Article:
Breast Reconstruction

Breast Reconstruction

Also called: Breast Reconstruction Surger

Summary

Each year, nearly 180,000 women in the United States are diagnosed with breast cancer, according to the American Cancer Society (ACS). Earlier detection techniques and better mammography have led to earlier discovery of breast cancer and better options for breast reconstruction.

In the United States, the standard treatment for breast cancer for the past 25 years has been modified radical mastectomy, which is the total removal of the breast. Today, improved diagnostic and treatment methods enable more women to choose a lumpectomy (partial mastectomy) rather than a total removal of the breast.

However, for women who have large tumors and cancer that has spread to the lymph nodes, or those women who have more than one tumor in the same breast, a modified radical mastectomy is usually the recommended surgical treatment. For these women, the decision is whether or not they choose to have breast reconstruction following the surgery. Breast reconstruction can be immediate (at the time of mastectomy) or it can be done later after the patient has completed cancer treatment. 

When reconstruction is necessary, a woman may choose among the various forms of reconstruction. These options include saline implants, silicone implants or an autologous flap reconstruction (using skin, tissue and possibly muscle from the patient’s abdomen, back or buttocks).

Each option has its own benefits and risks. A woman should discuss the options carefully with a qualified physician – usually a plastic surgeon – as not every breast cancer patient is a candidate for every type of reconstructive surgery. Today there are a wide variety of options available to women who want to create a new and natural-appearing breast, offering the breast cancer patient both physical and emotional healing.

About breast reconstruction

Breast reconstruction is the surgical restoration of a woman’s breast following a mastectomy (removal of the breast). Many women receive significant psychological and emotional benefits from having breast reconstruction.

Reconstruction can take place at the time of mastectomy (immediate reconstruction) or later (delayed reconstruction), after any chemotherapy or radiation treatments are completed. Women today have several options when it comes to breast reconstruction, including:

  • Using breast expanders for skin expansion and implants
  • Using the patient’s own tissue from the lower abdomen, buttocks or back (autologous tissue reconstruction)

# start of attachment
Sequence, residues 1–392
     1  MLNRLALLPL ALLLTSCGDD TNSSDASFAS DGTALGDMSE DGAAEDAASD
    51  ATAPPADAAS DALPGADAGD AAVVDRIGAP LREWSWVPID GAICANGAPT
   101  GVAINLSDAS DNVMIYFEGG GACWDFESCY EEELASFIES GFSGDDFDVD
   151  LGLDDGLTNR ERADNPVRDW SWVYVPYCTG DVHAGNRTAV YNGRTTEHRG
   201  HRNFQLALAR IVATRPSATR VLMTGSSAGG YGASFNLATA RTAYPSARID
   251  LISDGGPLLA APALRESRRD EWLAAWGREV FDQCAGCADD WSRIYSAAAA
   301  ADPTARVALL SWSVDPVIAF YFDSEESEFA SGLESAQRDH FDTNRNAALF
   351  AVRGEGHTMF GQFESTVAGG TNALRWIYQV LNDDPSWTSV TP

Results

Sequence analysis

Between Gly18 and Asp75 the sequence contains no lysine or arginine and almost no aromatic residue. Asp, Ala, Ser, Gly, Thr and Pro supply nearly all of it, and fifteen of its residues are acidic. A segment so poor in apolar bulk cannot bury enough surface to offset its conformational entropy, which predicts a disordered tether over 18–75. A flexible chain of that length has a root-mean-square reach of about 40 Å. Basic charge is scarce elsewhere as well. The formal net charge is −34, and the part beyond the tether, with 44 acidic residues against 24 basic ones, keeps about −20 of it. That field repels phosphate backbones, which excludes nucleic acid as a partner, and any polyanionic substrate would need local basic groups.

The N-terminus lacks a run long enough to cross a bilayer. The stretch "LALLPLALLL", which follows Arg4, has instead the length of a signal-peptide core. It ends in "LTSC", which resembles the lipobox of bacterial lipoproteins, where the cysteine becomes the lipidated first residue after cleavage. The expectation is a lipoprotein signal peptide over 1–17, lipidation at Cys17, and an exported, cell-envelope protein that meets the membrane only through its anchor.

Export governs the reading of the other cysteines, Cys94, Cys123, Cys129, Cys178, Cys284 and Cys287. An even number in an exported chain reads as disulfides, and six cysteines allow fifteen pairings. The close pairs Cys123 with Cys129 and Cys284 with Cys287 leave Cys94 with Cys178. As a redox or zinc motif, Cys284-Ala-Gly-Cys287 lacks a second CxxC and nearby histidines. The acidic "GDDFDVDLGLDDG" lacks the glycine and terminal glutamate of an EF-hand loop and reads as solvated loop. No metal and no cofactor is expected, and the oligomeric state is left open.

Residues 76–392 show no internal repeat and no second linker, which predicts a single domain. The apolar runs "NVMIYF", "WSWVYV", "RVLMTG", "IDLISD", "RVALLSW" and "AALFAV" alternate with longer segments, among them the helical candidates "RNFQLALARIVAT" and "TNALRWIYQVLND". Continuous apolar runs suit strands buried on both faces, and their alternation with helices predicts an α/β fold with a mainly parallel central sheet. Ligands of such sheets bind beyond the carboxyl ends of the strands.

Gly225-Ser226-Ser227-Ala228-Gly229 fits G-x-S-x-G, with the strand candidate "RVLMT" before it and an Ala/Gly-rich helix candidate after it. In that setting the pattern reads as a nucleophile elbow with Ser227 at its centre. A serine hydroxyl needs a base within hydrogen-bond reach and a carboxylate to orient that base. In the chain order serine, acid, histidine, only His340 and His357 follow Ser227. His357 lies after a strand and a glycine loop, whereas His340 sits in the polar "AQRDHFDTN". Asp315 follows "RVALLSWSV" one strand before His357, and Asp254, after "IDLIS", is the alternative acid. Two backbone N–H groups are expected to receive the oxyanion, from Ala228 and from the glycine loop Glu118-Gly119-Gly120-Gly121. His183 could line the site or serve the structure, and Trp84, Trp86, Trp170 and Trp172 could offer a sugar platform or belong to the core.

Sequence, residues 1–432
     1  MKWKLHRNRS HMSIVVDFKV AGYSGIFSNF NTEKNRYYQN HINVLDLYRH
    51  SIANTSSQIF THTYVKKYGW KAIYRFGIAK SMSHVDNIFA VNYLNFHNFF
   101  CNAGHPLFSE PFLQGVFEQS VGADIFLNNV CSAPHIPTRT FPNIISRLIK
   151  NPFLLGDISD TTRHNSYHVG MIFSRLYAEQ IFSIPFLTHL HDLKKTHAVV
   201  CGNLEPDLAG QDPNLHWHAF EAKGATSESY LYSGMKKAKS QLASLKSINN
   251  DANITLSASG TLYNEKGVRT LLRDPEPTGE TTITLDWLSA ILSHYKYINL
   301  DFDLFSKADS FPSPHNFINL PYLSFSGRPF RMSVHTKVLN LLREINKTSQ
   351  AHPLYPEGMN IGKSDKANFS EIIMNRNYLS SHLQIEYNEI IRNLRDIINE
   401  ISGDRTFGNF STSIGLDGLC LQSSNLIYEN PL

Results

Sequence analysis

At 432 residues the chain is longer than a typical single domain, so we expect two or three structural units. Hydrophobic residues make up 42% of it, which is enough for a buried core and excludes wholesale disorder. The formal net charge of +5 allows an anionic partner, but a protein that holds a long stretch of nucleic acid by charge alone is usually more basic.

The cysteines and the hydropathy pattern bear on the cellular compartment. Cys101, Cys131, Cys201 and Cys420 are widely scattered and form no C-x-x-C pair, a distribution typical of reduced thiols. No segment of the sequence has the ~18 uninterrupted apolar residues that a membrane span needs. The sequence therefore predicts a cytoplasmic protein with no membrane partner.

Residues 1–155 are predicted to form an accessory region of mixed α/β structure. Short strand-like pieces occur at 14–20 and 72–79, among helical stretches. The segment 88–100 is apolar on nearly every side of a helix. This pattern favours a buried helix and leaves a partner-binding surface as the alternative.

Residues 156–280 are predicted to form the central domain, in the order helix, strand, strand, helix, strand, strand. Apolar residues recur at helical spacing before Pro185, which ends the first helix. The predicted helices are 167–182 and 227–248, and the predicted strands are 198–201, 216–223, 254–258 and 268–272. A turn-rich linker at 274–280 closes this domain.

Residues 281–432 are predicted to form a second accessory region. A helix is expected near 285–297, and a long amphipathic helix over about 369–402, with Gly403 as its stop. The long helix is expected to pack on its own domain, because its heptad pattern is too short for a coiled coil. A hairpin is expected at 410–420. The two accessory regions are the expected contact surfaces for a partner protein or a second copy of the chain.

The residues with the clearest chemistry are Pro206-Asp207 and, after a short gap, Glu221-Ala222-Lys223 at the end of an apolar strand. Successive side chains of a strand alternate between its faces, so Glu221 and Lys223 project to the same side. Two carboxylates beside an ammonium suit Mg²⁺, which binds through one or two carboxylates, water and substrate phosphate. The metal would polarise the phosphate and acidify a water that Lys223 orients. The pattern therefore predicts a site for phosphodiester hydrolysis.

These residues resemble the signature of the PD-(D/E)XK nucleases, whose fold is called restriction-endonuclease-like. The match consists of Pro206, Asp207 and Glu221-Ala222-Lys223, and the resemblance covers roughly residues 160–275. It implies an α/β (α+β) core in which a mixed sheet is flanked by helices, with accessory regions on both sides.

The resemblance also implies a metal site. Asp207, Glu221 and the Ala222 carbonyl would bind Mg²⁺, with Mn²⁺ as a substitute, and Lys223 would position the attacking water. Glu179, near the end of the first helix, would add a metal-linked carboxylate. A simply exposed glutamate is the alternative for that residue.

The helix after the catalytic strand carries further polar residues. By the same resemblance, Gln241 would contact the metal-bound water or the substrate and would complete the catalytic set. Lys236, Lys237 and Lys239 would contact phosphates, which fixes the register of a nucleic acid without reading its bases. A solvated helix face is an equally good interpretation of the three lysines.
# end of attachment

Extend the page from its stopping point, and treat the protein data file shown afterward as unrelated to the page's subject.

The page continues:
• Using a combination of tissue reconstruction and implants

Breast reconstruction is a complicated surgical procedure done by a plastic surgeon. It is not uncommon for a patient to require two or more surgeries to achieve the optimal results of symmetry and correct positioning of the reconstructed breast.

The procedure involves not only reconstructing the breast, but also reconstructing the nipple followed by tattooing the new nipple to create a more natural-looking areola (area around the nipple).  Sometimes, the healthy breast is also adjusted to more closely match the shape and size of the reconstructed breast.

Many women diagnosed with breast cancer find it difficult to emotionally deal with the loss of a breast, despite the fact that the surgery may save their lives. Following a mastectomy, women have the option of breast reconstruction surgery or prosthesis (artificial breast).

The option of no reconstruction at all does exist but many women chose some form of breast reconstruction. For many years, women have had the option of using an external prosthesis. The prostheses are basically pads or breast forms that can be worn in bras or under clothing. They come in a variety of styles and have improved considerably over time. The main disadvantages are that they are not ‘part of the body’ and have limitation in use, especially with bathing suits.

There were more than 56,000 breast reconstructive surgeries performed in 2006, according to the American Society of Plastic Surgeons (ASPS). This represents a 31 percent decrease in the number of reconstructive procedures from 2000. The ASPS notes the decline in breast reconstruction may be related to health insurance issues. Many women cannot afford the insurance copayment and are unable to complete breast reconstruction due to cost.

Types and differences of breast reconstruction

There are many breast reconstruction alternatives from which to choose. Therefore, it is important for patients to discuss their individual options with their physicians, including the medical oncologist and plastic surgeon before reconstruction. A plastic surgeon performs breast reconstructive surgery and works closely with the patient’s cancer care team.  The breast reconstruction can be immediate (at the time of mastectomy) or it can be done later after the patient has completed treatment.